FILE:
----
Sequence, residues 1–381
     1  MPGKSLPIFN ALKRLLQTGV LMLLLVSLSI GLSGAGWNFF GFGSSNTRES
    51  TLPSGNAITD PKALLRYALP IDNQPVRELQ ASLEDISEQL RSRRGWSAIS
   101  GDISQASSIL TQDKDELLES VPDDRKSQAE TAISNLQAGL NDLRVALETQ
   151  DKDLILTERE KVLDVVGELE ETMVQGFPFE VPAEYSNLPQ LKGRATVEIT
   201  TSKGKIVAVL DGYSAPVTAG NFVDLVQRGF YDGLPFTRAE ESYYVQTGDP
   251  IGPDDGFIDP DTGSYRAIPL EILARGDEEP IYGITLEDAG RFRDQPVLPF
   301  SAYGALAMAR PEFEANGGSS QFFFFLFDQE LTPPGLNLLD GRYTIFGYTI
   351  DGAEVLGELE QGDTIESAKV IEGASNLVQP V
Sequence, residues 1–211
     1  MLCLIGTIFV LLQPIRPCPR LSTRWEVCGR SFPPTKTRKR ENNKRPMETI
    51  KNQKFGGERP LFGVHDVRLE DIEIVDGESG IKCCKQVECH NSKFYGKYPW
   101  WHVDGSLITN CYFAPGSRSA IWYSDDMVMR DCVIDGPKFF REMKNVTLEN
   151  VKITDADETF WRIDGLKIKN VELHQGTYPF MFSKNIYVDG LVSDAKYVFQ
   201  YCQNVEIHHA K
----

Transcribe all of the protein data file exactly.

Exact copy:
Sequence, residues 1–381
     1  MPGKSLPIFN ALKRLLQTGV LMLLLVSLSI GLSGAGWNFF GFGSSNTRES
    51  TLPSGNAITD PKALLRYALP IDNQPVRELQ ASLEDISEQL RSRRGWSAIS
   101  GDISQASSIL TQDKDELLES VPDDRKSQAE TAISNLQAGL NDLRVALETQ
   151  DKDLILTERE KVLDVVGELE ETMVQGFPFE VPAEYSNLPQ LKGRATVEIT
   201  TSKGKIVAVL DGYSAPVTAG NFVDLVQRGF YDGLPFTRAE ESYYVQTGDP
   251  IGPDDGFIDP DTGSYRAIPL EILARGDEEP IYGITLEDAG RFRDQPVLPF
   301  SAYGALAMAR PEFEANGGSS QFFFFLFDQE LTPPGLNLLD GRYTIFGYTI
   351  DGAEVLGELE QGDTIESAKV IEGASNLVQP V
Sequence, residues 1–211
     1  MLCLIGTIFV LLQPIRPCPR LSTRWEVCGR SFPPTKTRKR ENNKRPMETI
    51  KNQKFGGERP LFGVHDVRLE DIEIVDGESG IKCCKQVECH NSKFYGKYPW
   101  WHVDGSLITN CYFAPGSRSA IWYSDDMVMR DCVIDGPKFF REMKNVTLEN
   151  VKITDADETF WRIDGLKIKN VELHQGTYPF MFSKNIYVDG LVSDAKYVFQ
   201  YCQNVEIHHA K